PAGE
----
Google makes data security assurances as it acquires Fitbit
Fitbit, the health and wellness wearables technology company, is to be acquired by Google for approximately $2.1bn.
According to figures released by the company, Fitbit has sold more than 100 million devices. Its Smartwatches and fitness trackers feature capabilities such as workout tracking, pedometers, heart rate sensors alongside other health and wellness related capacities. Intriguingly, its Fitbit Versa 2 features integration with Amazon’s Alexa voice assistant – it remains to be seen whether it will be replaced by Google Assistant. Despite the acquisition by Google, steward of the Android operating system, Fitbit committed to remaining “platform-agnostic” and available on both Android and iOS.
“We have built a trusted brand that supports more than 28 million active users around the globe who rely on our products to live a healthier, more active life,” said James Park, co-founder and CEO of Fitbit in a press release. “Google is an ideal partner to advance our mission. With Google’s resources and global platform, Fitbit will be able to accelerate innovation in the wearables category, scale faster, and make health even more accessible to everyone. I could not be more excited for what lies ahead.”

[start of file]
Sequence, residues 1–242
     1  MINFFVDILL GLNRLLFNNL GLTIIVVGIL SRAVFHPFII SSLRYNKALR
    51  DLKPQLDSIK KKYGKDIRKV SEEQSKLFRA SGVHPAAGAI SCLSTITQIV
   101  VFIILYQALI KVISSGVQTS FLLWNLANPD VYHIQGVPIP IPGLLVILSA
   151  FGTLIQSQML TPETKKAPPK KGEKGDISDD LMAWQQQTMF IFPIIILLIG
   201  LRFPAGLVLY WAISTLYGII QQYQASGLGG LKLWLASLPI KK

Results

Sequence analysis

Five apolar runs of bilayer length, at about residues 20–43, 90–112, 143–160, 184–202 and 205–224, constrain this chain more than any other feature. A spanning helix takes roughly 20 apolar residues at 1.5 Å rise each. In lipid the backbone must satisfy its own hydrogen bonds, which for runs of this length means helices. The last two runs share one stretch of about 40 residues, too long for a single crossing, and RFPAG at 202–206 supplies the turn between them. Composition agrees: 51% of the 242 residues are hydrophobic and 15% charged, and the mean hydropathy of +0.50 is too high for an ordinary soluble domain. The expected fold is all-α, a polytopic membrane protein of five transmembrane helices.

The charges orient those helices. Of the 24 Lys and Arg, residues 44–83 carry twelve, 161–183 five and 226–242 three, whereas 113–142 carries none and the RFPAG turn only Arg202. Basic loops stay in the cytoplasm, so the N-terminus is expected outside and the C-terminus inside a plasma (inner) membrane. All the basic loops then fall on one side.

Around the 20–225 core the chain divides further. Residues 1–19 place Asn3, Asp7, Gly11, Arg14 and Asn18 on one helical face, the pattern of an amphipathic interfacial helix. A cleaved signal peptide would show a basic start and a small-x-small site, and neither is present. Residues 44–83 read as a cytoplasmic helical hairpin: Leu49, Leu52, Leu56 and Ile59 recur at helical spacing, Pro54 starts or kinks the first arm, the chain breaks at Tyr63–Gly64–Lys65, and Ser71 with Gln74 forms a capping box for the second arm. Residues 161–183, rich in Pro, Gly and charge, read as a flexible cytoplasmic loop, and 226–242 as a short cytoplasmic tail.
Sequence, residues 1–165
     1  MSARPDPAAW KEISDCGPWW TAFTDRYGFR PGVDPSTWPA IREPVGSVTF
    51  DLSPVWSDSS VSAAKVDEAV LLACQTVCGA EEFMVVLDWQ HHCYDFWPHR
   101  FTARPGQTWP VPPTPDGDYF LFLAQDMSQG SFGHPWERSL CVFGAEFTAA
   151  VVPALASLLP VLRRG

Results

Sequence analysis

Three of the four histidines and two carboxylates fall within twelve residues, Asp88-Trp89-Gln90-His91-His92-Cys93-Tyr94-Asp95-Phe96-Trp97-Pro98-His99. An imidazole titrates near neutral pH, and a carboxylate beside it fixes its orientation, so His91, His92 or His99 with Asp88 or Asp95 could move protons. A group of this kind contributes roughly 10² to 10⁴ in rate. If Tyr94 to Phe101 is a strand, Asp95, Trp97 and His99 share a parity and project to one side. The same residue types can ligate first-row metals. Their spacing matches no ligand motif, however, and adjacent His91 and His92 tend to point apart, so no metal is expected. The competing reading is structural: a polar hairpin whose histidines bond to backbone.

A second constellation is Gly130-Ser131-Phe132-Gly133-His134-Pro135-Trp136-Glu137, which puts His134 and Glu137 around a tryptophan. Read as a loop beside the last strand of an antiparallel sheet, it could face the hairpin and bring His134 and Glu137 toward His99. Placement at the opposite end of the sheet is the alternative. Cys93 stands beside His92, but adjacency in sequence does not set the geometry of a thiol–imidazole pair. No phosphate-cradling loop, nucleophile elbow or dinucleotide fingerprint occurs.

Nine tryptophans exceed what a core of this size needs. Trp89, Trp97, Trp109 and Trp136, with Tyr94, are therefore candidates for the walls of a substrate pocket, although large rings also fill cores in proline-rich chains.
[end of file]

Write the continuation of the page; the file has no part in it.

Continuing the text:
Google is set to pay $7.35 per share in cash for Fitbit, a competitor in the fitness space considering the former’s Google Fit platform and Wear OS smartwatch operating system.
"Fitbit has been a true pioneer in the industry and has created terrific products, experiences and a vibrant community of users," said Rick Osterloh, Senior Vice President, Devices & Services at Google. "We're looking forward to working with the incredible talent at Fitbit, and bringing together the best hardware, software and AI, to build wearables to help even more people around the world."
Both Fitbit’s press release and Google’s blog post stressed the continuing focus on user privacy, with transparency about the data collected and user control over what it is used for. In a blog post, Osterloh, who recently made headlines by saying he always told guests there were active smart devices in his home, confirmed that Google wanted to bring its own wearable devices to the market, but also that Google “will never sell personal information to anyone” while “Fitbit health and wellness data will not be used for Google ads”.
The transaction is said to be expected to close in 2020, subject to the usual closing conditions such as stockholder and regulator approval.